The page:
A trigger event includes any change to the agreed tax regime for VIP gaming (Crown Sydney does not have poker machines), while a force majeure event includes an epidemic.
Independent MP for Sydney Alex Greenwich, who opposed the Crown project and called it “a blight on our city” when the casino floor opened last year, said the government should reject any changes to the tax guarantee.
“Crown got the site for next to nothing based on a deal that they would continue to provide tax revenue to the state. For them now to cry poor is really an insult to all Sydneysiders,” he said.
“The reason their bottom line is being impacted is that they are no longer able to have money laundered through their casinos, and they are no longer able to accept the proceeds of crime being gambled through their casinos.
“That is not a legitimate reason for now needing a further tax break. If they can’t honour their deal with the people of NSW, they should hand the land back.”
That land is now home to Sydney’s tallest building, containing Crown’s luxury hotel, the casino, restaurants and residential units.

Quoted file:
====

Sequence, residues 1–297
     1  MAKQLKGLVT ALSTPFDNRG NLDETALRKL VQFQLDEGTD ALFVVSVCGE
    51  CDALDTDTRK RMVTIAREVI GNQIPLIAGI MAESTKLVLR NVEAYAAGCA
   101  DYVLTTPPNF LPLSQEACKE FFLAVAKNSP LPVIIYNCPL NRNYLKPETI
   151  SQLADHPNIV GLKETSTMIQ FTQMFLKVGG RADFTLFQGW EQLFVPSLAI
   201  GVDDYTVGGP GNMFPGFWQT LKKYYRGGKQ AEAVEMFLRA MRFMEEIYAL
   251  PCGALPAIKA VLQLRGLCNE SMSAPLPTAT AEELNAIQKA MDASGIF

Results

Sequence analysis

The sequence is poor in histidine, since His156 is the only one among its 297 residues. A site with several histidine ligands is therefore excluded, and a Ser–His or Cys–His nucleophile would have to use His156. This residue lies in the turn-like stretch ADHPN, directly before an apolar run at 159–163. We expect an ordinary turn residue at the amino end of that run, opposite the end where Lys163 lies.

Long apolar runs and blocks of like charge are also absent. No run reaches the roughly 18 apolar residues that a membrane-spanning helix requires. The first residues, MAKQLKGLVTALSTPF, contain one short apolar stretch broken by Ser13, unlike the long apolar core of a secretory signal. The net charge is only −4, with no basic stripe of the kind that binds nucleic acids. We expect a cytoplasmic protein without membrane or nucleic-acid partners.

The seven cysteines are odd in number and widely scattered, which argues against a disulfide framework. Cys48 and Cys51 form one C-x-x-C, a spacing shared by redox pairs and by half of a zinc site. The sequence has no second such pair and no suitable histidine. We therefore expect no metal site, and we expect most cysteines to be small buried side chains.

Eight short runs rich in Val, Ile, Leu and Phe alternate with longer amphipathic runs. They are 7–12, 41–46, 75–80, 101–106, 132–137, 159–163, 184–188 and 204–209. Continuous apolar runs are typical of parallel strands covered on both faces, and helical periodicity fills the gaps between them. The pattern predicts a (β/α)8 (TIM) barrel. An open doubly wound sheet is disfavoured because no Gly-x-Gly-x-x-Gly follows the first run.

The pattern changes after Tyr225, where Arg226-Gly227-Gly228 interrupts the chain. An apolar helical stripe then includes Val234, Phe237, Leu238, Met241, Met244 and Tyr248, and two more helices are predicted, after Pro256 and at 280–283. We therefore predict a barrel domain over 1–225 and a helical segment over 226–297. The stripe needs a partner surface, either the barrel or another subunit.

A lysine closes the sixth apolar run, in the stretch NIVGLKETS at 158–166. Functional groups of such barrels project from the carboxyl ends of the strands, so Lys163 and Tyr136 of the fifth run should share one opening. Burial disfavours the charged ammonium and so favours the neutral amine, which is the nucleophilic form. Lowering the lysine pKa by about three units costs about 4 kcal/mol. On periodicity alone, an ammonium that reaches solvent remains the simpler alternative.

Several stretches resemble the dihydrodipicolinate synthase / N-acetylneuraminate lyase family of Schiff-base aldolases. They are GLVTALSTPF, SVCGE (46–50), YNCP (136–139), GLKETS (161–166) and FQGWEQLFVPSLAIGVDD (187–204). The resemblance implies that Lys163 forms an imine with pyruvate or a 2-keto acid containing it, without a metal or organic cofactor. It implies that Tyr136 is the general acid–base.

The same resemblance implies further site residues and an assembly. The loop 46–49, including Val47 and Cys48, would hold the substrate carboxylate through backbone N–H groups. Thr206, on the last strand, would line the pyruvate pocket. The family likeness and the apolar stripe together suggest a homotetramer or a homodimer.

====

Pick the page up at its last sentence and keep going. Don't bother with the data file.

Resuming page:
In return for the right to develop the site, Crown agreed to pay a $100 million upfront licence fee and contribute at least $1 billion in gaming revenue over the first 15 years of the casino’s operation.
Crown now argues the economic and regulatory situation has changed, and it is suffering from a sustained lull in international high-rollers, partly as a result of COVID-19.
Former Liberal premier Barry O’Farrell, who announced the deal in 2013, declined to comment, as did successor Mike Baird. Crown was also contacted for comment.
In August, Treasurer Daniel Mookhey announced a reprieve for rival casino the Star Sydney, which was facing higher duties on poker machine profits under changes made by the former Coalition government.
He instead introduced a transitional arrangement that delays the higher tax rate until 2030. Star, which Mookhey said would be “unviable” if the tax hike had proceeded, agreed to maintain more than 3000 jobs and participate in a cashless gaming trial.
The Business Sydney lobby group urged the government to keep negotiating with Crown, saying the tax reprieve for Star was necessary. “It makes just as much sense to ensure Crown can also operate successfully”.
“Their contribution to tourism is important with Sydney yet to recover pre-COVID international visitor numbers,” executive director Paul Nicolaou said. “We need more international visitors to return.”
https://www.smh.com.au/national/nsw/crown-comes-under-fire-as-it-tries-to-escape-nsw-tax-deal-20231101-p5eglo.html?ref=rss&utm_medium=rss&utm_source=rss_national_nsw gaming company slammed as it tries to escape NSW tax deal